Demographics

1980's

General Demographics in the 1980's

The demographics of the United States have remained generally steady throughout the course of the country's history, and the 1980's was no exception. Immigrants continued to flow into the country, adding to the already unique blending that would intensify American culture with it's broad melting pot of ethnicities and cultures from around the globe. The birth rate decreased slightly, as the last members of the baby boom generation reached their child bearing years. The 1980 Census was the most highly publicized census at that point in history, and the results of it were mostly unsurprising. The population of the United States of America was steadily increasing, through both an increasing birth rate of 9.8% and a net immigration rate.

Explosions in the Sunbelt

The most dramatic demographic change of the 1980's was the quick and drastic movement of people to the Sunbelt, the region across the South and Southwest of the United States. This explosion of people was in direct response to the quality of life in the Frostbelt cities, the industrial cities in the Northern United States. The movement would cause a large shift in economic stability, causing a decline in prosperity. It affected the educational services of the United States too, as schools became quickly overcrowded and the rush to expand would lead to poorly built schools with little funding and an overabundance of students with a poor student-teacher ratio. Social services suffered as well as these Southern cities became more diverse and the spread out, with poorly built homes for some of the less fortunate. Many people were forced to take lower paying jobs as well, creating a larger gap between the rich and the poor.


Growth Rate of the United States

The growth rate of the United States decreased slightly during the 1980's as compared to the decades before. The immigration rate had increased in the decades before, but it grew quicker in the 1980's than compared to the decades before. The growth rate stayed very similar, but the birth rate actually dropped due to the fact that the last members of the baby boom generation were exiting their child-bearing years. Their contribution to population growth was thus felt less during the 1980's than it had been in decades before.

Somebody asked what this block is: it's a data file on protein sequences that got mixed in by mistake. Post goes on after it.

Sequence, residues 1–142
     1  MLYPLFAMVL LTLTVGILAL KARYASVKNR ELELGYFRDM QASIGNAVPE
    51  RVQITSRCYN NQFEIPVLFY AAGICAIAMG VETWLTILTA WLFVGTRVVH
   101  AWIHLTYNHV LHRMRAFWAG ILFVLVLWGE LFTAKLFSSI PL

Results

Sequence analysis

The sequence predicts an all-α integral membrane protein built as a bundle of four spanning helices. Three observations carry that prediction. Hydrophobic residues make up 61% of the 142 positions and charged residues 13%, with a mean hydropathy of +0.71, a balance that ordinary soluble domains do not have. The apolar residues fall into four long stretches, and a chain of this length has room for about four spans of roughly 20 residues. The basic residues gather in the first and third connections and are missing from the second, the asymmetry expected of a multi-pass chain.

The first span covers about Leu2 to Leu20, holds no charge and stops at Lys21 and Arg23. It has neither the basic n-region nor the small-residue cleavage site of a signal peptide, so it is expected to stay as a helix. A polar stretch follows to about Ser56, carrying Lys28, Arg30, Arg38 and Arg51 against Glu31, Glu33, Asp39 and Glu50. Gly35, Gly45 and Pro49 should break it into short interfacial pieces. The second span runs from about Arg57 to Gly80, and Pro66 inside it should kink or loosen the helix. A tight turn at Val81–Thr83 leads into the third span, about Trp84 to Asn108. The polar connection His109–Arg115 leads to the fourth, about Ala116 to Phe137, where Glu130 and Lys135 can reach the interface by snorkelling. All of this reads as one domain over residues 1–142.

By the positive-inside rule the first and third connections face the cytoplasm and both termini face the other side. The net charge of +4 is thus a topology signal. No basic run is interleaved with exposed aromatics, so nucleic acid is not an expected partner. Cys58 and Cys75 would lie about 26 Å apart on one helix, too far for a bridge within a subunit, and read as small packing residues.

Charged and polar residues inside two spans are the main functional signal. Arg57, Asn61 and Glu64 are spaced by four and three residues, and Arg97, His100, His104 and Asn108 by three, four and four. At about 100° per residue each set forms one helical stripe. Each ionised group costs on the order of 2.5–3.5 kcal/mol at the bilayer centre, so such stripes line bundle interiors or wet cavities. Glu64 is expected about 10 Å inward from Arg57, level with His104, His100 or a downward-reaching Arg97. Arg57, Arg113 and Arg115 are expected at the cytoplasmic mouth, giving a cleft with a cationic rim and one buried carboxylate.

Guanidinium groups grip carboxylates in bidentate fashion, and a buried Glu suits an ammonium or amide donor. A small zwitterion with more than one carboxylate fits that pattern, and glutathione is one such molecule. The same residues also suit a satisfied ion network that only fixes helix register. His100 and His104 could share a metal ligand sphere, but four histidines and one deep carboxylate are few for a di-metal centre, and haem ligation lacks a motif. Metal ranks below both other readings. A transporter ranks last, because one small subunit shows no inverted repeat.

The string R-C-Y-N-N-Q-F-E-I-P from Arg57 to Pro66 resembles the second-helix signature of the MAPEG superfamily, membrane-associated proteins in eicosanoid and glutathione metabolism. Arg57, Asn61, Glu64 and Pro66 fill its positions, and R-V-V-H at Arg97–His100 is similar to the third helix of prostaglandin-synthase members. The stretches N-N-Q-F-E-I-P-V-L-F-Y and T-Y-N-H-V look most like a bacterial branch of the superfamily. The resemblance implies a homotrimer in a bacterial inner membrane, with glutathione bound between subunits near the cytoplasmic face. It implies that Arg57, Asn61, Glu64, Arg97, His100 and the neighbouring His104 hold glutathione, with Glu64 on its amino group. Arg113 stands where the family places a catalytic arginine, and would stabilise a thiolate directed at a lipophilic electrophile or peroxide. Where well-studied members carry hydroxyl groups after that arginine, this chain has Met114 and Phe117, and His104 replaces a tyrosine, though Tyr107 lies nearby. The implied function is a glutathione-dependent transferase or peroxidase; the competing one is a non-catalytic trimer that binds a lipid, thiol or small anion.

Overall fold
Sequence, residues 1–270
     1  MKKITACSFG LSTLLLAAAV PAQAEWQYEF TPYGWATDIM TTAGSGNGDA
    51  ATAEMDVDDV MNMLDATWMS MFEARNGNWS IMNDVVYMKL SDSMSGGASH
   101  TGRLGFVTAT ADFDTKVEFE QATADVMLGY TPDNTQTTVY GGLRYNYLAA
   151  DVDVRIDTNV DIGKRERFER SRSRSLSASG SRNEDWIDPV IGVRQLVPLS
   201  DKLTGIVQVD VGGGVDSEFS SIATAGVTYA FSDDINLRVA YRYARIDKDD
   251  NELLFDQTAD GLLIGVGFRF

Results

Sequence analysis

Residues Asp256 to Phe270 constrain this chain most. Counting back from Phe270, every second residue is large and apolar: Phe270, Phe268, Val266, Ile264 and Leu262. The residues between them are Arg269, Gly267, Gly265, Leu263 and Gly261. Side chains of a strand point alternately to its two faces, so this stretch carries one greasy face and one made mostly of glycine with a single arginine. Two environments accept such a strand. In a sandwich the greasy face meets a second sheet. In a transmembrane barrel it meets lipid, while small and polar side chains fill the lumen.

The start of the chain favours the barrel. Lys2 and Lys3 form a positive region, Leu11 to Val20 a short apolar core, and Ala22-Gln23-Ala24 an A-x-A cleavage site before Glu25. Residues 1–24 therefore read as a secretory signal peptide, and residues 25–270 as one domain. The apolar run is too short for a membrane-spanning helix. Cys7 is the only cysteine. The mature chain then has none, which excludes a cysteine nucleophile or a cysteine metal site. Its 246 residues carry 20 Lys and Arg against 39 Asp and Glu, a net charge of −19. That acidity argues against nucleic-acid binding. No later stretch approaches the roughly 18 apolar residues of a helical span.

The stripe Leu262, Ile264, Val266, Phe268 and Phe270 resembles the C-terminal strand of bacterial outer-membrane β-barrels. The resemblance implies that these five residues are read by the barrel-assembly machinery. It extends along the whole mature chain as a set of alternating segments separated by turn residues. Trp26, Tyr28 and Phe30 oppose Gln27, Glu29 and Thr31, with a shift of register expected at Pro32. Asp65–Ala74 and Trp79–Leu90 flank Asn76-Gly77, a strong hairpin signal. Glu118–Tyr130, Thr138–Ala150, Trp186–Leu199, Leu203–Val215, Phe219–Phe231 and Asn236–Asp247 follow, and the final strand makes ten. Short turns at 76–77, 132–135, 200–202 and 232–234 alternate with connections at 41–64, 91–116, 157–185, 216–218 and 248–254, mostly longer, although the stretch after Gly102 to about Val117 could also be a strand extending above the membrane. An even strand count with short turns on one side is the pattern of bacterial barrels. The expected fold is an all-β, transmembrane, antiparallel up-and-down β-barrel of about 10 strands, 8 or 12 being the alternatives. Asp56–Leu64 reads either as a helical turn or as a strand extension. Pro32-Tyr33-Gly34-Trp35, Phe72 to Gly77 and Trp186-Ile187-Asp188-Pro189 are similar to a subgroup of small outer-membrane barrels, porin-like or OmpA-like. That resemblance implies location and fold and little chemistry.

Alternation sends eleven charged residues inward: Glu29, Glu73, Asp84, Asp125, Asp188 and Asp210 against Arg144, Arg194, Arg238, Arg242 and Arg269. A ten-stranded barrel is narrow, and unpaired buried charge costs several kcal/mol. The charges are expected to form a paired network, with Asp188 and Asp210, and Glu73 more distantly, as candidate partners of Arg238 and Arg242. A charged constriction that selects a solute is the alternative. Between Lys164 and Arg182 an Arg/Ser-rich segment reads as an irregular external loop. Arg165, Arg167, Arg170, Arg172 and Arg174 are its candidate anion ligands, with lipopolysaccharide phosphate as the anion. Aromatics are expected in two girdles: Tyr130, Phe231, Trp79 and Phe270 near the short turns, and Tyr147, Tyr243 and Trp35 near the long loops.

Another interesting bit about the birth rate of the 1980's was that it was the decade in which teen pregnancy began being recognized as on the decrease. In years previous, teen pregnancy was fairly common, but from the 1980's on, it became less and less common, despite popular media in current times, such as shows like 16 and Pregnant and Teen Mom. This trend was widely recognized as showing progress in the women's movements in the earlier decade.

Immigration Reform and Control Act of 1986

The Immigration Reform and Control Act of 1986 was a piece of legislation that worked to find and try illegal aliens for being in the country without proper authorization. This act required employers to attest to their employee's citizenship status, as well as made it illegal to hire most illegal immigrants (some agricultural employees were still allowed seasonally). It also provided citizenship for all illegal immigrants that had moved into the country before January 1, 1982 with an admission of guilt and a fine, as well as the payment of all back taxes. Because of this act, around 3 million illegal immigrants were granted citizenship.


The result of this act, further than the granting of citizenship, was that there was more widespread discrimination in the work place. Many employers, instead of relying on citizenship status, began to discriminate against workers who even appeared foreign. This discrimination led to a reduction in the amount of Hispanic employees in the workforce, simply because of the color of their skin.


Because immigrants were 6.2% of the American population in 1980, these changes resonated through society. However, a study done late in the 1980's revealed that immigration actually helped the economy as the positions for higher paying jobs ended up paying higher, and goods were produced and therefore sold for less money due to the increase of cheap labor.

Sources

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United States Census, . "Population 1790 to 1990."United States Census Archives.

United States Government, 08 27 1993. Web. 29 May 2013.

<http://www.census.gov/population/www/censusdata/files/table-4.pdf>.


United States Census, . "Population and Geographic Centers." United States Census

Archives: Center of Urban Population. United States Government, 27 03 1997.

Web. 29 May 2013.<http://www.census.gov/population/www/censusdata/hiscendata.html>.


United States Government Archives, . "US Society> Census and Demographics." United States of America Embassy. United States Government, 13 02 2013. Web. 29 May 2013. <http://usa.usembassy.de/society-demographics.htm>.


Shrestha, Laura B.. "The Changing Demographic Profile of the United States." . Congressional Research Service, 31 03 2011. Web. 29 May 2013. <http://www.fas.org/sgp/crs/misc/RL32701.pdf>.